ucanews.com reporter, Ho Chi Minh CityUpdated: December 16, 2016 09:03 AM GMT
A Vietnamese policeman stands watch outside a prison on the outskirts of the southern coastal town of Vung Tau. Prison officers treat religious prisoners cruelly to force them to confess "their crimes and accept unfair convictions." (Photo by AFP)
A Lutheran pastor imprisoned in Vietnam has been transferred to another camp and kept in solitary confinement because he stood up for the rights of other prisoners, says his wife.
Tran Thi Hong went to visit her husband Pastor Nguyen Cong Chinh who was being held in Phuoc Prison in Binh Duong on Dec. 12 only to be told, after waiting for three hours in the rain, that he had been transferred to Xuan Loc Prison in Dong Nai province.
"I arrived at Xuan Loc Prison the following day, and prison officials told me 'Chinh was not allowed to call his family or inform them that he had been relocated because he refused to accept his crimes,'" she told ucanews.com.
"I told them that my husband did not do anything wrong and that they treated him in an inhumane way," Hong said.
Chinh, 50, fought for religious freedom of Christians from ethnic minority groups in the central highlands. He was sentenced to 11 years in prison in 2011 for undermining national solidarity under Article 87 of the Vietnam penal code.
Since then he has been moved to three camps and has not been not allowed to call his family, even when his mother died.
Hong said she eventually saw Chinh in Xuan Loc Prison through a glass window and talked with him via phone for 45 minutes.
"He is kept in a cell that is away from others, and given food through a small window two times a day," Hong said.
"Prison officers have taken away all his belongings including a copy of the Bible. They also didn't allow him to get food, medicine and clothes from me," she said.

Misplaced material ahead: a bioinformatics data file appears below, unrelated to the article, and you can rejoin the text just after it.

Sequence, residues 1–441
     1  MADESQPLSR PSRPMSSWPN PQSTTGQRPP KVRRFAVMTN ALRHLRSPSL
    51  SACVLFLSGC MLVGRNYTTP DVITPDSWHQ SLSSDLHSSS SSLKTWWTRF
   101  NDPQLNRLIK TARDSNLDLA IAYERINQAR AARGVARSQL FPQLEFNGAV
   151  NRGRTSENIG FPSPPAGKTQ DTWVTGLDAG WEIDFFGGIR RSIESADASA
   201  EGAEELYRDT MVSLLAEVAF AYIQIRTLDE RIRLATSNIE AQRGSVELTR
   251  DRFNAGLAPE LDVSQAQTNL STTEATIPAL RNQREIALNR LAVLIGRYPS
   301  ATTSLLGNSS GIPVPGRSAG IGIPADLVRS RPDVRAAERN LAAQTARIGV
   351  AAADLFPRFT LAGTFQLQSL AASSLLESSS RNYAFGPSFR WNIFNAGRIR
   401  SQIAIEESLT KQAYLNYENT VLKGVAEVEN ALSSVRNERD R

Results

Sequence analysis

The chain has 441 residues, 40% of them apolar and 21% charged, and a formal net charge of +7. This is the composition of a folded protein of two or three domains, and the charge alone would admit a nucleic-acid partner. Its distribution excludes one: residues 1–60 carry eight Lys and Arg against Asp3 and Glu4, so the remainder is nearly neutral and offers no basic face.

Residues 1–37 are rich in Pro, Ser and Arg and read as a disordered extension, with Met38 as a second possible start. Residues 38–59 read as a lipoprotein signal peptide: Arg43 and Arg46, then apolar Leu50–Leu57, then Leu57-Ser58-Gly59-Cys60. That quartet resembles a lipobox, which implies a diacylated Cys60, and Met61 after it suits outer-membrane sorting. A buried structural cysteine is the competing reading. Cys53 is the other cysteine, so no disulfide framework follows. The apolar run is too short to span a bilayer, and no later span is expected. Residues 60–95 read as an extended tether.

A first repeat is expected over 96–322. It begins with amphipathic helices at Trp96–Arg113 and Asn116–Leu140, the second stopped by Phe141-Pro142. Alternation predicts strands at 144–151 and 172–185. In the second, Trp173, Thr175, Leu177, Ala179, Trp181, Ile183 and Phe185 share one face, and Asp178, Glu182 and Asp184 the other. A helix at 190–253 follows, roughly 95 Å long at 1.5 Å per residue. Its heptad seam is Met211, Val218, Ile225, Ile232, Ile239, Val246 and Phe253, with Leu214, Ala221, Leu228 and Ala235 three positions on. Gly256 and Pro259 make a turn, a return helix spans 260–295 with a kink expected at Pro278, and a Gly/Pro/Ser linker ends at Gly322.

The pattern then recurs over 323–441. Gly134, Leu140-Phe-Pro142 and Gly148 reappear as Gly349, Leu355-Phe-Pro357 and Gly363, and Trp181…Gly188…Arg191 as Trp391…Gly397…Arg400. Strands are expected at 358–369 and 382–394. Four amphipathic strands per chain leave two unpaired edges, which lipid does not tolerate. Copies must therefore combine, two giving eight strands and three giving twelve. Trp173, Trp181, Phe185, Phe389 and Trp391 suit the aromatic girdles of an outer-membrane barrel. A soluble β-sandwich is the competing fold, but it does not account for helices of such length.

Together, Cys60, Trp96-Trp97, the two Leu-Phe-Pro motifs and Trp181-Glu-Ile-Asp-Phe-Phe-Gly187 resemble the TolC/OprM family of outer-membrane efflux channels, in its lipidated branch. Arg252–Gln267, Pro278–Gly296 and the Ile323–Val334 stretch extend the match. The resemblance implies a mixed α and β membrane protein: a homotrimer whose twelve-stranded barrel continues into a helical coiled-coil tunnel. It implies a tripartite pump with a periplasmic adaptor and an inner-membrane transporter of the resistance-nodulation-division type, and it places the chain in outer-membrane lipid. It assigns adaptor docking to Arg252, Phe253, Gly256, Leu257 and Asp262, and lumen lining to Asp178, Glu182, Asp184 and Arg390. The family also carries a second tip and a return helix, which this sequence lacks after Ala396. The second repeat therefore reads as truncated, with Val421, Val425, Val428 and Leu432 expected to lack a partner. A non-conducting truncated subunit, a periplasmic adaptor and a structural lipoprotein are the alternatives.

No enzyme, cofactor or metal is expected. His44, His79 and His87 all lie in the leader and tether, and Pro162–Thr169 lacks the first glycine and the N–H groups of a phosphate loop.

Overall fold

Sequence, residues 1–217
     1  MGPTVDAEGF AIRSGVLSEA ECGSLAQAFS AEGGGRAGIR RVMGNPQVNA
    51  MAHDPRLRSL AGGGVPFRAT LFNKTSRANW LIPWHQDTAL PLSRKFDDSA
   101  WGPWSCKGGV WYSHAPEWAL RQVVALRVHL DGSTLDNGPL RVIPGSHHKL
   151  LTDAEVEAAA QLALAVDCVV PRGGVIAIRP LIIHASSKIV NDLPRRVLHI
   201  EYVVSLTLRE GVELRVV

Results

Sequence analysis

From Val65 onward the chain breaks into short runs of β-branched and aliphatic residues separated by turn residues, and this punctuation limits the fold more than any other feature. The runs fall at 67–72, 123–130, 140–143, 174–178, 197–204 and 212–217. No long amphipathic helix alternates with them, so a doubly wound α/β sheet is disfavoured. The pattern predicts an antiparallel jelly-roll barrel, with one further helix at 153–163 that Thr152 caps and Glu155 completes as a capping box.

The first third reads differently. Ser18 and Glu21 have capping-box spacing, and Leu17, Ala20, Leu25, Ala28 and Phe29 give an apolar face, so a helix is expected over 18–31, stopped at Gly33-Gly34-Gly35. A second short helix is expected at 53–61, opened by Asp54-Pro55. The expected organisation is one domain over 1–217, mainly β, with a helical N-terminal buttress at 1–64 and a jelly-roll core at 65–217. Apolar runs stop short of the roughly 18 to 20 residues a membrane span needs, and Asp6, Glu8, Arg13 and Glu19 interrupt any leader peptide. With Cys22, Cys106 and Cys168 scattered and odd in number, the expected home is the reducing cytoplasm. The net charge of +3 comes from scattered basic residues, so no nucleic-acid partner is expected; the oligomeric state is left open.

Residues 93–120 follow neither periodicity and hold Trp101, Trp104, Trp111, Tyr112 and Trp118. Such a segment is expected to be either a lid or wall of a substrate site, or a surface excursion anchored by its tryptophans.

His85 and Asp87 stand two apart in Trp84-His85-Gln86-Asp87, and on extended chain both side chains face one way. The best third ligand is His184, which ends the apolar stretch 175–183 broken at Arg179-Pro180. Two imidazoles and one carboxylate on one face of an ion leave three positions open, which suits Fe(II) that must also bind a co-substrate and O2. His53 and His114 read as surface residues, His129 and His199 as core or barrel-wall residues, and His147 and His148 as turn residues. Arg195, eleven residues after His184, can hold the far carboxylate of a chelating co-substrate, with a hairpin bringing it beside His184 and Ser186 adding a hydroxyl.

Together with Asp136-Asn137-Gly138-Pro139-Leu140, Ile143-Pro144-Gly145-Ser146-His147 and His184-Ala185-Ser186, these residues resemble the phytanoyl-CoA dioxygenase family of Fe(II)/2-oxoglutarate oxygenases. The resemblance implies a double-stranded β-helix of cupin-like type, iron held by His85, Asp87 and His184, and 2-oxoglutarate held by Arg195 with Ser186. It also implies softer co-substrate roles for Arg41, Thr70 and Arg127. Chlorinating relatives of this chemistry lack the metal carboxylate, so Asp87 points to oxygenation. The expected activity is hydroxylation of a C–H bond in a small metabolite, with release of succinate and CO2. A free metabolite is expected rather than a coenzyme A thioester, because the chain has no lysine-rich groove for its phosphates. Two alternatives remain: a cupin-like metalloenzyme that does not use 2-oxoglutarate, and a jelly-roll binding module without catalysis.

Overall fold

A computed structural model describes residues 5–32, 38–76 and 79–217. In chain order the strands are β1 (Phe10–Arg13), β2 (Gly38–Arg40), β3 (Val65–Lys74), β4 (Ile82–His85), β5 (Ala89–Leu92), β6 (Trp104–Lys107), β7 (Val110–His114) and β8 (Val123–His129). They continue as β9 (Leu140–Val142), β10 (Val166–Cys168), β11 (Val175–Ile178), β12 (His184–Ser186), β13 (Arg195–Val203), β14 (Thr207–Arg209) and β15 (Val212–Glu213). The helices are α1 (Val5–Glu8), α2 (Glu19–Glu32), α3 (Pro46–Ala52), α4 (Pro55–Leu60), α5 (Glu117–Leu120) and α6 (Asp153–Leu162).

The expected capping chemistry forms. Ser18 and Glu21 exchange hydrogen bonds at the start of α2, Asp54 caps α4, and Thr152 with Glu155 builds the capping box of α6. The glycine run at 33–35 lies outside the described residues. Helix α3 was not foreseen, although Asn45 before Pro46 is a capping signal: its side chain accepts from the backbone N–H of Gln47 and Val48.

In August Chinh and other religious prisoners went on hunger strike to demand that they be allowed to call their families five minutes a month like other prisoners. Chinh was accused of leading the hunger strikers.
They were also given contaminated food.
Hong said consequently others had their demands met while Chinh was moved to Xuan Loc Prison as punishment.
"He is in poor health, he suffers high blood pressure and has severe sinusitis," Hong said. "I fear that he is too weak to complete the rest of his sentence."
Tran Thi Hong says her husband Pastor Nguyen Cong Chinh is too weak to serve the rest of his 11-year sentence in jail. (Photo courtesy of tinmungchonguoingheo.com)
Prisoners of conscience suffer mistreatment
An activist based in Ho Chi Minh City said that prisoners of religion and human rights are treated cruelly in prisons. They are forced to work hard and kept in poor conditions, he said.
"They are transferred to camps far away from their homes and their relatives who live in poverty cannot afford to visit and give food to them," he told ucanews.com.
The activist said prison officers treat them inhumanely as way to "force them to confess their crimes and accept unfair convictions."
The Political and Religious Prisoners Friendship Association based in Vietnam reported that they have the names of some 100 prisoners of conscience being kept in prison. The association estimates that hundreds of other prisoners from ethnic minority groups in the highlands and northern provinces are detained in camps for being involved in religious activities.